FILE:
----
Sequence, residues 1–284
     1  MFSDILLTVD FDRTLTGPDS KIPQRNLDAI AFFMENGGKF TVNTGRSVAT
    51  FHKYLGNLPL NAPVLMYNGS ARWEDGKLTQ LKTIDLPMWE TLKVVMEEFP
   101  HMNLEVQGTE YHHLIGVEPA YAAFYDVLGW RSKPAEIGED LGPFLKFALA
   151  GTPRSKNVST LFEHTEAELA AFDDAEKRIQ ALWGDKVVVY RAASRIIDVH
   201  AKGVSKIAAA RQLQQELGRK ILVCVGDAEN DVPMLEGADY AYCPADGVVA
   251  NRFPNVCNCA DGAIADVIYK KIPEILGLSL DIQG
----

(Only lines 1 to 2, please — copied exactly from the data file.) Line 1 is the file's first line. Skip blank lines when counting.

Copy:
Sequence, residues 1–284
     1  MFSDILLTVD FDRTLTGPDS KIPQRNLDAI AFFMENGGKF TVNTGRSVAT